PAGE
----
Then there are a couple which pushed a little growth but have stalled. Here’s one which pushed a flower a bit, but hasn’t broken through with any foliage.


Nice! Your top picture looks like my peach grafts as of yesterday, but they were grafted a month ago and had to limp through a long cool period. Your temperatures were just about perfect, a touch hot a couple days but nothing to cause a big problem.

Some of my past early peach graftings that failed I also recall them starting up OK and then petering out. This year it looks like I squeaked by, three scions seem to have stalled but there are one or two good scions on each of those trunks still.


These peach grafts are from 11th of April. I have two seedlings and on the first one I grafted 5. 4 shows green so far.

Close up

On the second seedling I grafted 4 scions. Two are showing clear growth. Another one is about to break bud I think. But can’t be too sure.

Both seedlings were moved about a week before grafting. I tried to take as much soil as I could so they may not have been too shocked. I’m happy with the 80% and 50% success rate. Hope it stays that way or improve.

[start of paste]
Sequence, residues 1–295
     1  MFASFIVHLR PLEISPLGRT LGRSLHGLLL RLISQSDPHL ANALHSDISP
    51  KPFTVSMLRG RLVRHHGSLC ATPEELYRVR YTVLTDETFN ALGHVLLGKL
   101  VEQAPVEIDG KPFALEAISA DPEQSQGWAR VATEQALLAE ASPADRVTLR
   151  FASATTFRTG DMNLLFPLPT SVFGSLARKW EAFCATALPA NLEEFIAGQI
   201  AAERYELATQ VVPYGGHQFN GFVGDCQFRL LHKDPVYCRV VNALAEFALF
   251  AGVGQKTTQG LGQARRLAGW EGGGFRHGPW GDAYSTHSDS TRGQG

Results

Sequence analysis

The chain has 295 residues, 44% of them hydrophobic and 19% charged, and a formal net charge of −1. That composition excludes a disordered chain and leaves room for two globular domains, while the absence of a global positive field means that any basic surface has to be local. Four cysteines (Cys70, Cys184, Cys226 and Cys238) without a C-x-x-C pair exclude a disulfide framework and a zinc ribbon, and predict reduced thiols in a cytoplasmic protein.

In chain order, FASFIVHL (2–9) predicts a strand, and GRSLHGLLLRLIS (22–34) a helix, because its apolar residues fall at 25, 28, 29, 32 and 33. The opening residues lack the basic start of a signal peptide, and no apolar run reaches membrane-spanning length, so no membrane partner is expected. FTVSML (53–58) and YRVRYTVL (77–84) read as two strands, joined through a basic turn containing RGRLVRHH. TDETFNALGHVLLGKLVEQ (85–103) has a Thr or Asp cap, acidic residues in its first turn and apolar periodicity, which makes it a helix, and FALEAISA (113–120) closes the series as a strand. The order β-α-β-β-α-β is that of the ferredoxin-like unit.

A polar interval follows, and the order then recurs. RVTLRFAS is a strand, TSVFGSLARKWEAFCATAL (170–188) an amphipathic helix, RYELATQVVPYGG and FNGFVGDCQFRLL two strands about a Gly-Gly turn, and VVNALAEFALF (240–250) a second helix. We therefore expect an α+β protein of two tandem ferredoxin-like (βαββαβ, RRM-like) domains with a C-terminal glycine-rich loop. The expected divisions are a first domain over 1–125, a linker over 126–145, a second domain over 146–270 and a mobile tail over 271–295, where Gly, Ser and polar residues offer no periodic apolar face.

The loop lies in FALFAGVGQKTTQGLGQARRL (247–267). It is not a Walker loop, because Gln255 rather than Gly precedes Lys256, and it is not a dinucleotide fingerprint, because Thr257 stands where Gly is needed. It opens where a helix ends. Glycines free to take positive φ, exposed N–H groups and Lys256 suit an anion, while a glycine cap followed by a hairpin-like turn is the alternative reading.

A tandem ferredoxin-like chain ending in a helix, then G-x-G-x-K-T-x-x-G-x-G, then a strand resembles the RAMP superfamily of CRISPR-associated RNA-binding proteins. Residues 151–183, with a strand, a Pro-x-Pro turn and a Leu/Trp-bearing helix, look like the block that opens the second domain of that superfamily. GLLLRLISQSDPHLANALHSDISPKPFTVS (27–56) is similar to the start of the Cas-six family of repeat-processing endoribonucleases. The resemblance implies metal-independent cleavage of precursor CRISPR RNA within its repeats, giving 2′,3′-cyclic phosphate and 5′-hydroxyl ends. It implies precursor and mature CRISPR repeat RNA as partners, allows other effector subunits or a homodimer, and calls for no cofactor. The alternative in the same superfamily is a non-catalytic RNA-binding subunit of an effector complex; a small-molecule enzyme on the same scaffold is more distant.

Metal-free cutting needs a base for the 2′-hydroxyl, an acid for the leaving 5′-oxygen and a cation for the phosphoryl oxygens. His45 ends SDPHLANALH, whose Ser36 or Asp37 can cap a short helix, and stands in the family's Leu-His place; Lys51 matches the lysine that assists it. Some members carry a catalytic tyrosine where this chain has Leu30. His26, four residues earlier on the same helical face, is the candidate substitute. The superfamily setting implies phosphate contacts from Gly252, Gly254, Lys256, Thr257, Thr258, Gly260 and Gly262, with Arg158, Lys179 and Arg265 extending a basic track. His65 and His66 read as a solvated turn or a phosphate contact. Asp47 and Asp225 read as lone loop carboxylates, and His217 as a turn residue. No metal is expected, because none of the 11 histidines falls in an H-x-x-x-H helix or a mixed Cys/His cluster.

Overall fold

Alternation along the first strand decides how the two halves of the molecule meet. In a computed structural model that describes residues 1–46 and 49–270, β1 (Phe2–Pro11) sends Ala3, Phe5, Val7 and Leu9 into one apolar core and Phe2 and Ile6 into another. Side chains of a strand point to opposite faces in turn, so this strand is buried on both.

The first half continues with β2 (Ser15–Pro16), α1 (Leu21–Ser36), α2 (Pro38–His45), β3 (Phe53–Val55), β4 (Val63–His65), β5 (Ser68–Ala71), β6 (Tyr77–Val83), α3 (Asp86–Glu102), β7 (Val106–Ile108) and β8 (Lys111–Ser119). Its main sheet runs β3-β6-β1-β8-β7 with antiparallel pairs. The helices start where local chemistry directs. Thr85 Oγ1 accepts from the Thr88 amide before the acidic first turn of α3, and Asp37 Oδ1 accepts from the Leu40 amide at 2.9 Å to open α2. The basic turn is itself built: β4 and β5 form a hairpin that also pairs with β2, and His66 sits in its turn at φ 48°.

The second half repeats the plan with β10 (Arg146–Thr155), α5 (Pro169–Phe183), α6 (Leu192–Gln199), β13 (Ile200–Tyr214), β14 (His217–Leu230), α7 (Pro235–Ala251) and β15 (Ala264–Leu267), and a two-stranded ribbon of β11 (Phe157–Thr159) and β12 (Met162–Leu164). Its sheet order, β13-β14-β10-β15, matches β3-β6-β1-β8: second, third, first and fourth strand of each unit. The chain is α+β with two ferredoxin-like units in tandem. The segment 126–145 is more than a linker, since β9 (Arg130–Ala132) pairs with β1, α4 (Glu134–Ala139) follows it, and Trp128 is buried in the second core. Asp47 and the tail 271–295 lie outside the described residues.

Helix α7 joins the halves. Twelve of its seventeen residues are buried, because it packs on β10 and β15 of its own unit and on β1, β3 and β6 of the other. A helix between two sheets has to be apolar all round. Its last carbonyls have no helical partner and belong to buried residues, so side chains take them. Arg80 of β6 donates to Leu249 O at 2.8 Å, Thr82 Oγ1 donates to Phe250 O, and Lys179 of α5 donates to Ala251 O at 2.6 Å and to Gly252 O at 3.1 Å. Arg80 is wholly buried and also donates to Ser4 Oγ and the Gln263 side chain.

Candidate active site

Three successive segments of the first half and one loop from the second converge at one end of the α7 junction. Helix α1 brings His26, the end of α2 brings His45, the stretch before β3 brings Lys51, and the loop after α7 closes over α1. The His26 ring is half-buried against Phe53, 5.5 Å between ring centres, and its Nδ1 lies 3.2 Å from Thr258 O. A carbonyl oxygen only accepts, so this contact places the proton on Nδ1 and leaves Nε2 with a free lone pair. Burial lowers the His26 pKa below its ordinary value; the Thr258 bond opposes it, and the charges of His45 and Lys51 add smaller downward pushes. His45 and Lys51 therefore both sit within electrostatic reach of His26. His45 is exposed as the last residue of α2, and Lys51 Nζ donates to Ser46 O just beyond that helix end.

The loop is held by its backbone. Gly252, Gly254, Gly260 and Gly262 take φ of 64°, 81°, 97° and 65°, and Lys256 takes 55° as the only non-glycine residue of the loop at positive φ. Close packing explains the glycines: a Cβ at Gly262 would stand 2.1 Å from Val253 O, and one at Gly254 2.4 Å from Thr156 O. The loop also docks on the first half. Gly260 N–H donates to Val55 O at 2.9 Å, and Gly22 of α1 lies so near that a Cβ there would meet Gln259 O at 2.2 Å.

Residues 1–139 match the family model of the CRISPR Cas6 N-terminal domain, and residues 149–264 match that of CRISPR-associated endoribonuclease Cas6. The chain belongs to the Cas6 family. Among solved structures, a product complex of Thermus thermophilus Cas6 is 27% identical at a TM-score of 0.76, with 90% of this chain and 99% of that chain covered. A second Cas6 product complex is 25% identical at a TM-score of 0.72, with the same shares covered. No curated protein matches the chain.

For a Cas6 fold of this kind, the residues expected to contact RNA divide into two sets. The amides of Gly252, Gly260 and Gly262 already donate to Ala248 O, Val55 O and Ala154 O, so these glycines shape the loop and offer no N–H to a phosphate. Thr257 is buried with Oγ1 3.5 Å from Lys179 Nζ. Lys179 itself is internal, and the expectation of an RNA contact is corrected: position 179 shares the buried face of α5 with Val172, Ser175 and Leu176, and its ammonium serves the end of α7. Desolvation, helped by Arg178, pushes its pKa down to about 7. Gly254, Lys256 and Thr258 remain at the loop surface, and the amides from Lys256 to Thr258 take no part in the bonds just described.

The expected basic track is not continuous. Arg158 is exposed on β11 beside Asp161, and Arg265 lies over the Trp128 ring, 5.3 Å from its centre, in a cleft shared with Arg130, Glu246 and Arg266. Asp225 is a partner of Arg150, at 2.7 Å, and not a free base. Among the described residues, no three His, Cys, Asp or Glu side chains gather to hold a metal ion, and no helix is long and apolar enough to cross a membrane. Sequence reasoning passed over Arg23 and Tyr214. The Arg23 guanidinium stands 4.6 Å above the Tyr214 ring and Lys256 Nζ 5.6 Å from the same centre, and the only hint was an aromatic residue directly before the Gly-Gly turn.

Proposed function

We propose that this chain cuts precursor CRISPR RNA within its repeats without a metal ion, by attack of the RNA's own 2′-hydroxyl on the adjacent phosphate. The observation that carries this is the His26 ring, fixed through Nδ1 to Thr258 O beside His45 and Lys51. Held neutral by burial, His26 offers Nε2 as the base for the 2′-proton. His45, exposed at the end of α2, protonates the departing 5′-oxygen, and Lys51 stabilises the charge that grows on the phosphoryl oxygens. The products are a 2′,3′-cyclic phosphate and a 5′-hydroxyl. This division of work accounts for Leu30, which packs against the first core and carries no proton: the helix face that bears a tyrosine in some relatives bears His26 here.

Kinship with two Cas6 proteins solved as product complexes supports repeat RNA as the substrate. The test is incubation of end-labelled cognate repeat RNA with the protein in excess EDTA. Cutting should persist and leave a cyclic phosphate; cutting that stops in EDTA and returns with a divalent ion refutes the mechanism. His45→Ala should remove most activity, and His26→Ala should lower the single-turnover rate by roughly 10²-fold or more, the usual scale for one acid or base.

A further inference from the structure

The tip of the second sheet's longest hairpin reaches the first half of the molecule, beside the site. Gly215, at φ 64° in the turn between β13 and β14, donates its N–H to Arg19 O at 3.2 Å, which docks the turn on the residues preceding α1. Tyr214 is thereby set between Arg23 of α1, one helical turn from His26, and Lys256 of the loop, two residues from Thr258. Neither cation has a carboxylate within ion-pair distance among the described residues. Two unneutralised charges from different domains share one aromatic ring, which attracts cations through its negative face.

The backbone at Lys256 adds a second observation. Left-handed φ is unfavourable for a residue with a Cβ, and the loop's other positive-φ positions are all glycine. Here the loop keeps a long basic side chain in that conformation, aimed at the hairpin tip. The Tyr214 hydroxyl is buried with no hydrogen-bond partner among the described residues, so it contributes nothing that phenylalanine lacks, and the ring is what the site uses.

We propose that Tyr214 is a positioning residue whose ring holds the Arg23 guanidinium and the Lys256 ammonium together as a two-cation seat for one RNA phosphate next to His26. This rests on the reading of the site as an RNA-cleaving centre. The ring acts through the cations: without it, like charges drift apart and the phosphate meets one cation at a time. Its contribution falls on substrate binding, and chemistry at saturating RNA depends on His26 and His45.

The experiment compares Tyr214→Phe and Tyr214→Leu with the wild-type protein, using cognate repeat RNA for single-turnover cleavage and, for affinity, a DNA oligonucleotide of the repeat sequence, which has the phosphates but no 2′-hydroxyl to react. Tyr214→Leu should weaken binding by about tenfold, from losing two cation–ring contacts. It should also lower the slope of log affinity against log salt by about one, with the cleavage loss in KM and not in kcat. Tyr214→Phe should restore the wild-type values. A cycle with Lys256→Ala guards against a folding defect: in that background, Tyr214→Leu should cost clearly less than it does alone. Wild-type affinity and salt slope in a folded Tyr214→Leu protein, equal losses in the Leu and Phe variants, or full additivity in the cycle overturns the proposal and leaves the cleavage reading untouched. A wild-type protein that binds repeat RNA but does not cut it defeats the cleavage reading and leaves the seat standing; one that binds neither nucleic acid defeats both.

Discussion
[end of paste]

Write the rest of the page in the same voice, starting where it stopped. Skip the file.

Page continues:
On my big peach tree I grafted I think 5 scions. Non is showing any sign of life yet. They were done on 21st of April. I’m surprised non took. I don’t think it’s taking time. I think the tree is in pretty bad shape this year maybe it can’t support grafts. I see more and more dead twigs every day. I’m not going to try and graft to it anymore. It probably needs a break.
I’m glad two young plants are in better shape.


When you put aluminum foil on your grafts do you wrap the whole scion or just the grafting joint?


I wrap the whole thing … it is one more layer to help keep the scion from drying out.

In comparing with my temperature gun this spring the aluminum foil didn’t make a lot of temperature difference so I’m not sure how important it is.


I notice a lot of you on this board wrap the full scion with para-film maybe that is why I’m having so many failures. I’ve always just wrapped the grafted juncture and had a good success rate. But I wasn’t in such a windy location.


I have also had many grafts succeed with no wrapping or painting, I didn’t do that for my first few years of grafting. But it does give you a longer window for your graft to take in since it will be viable longer. Overall, I would say its worth the time it takes to bump the odds. Grafting success is all about getting the odds a bit more in your favor in all the dimensions you have control of.


You’ve got that right.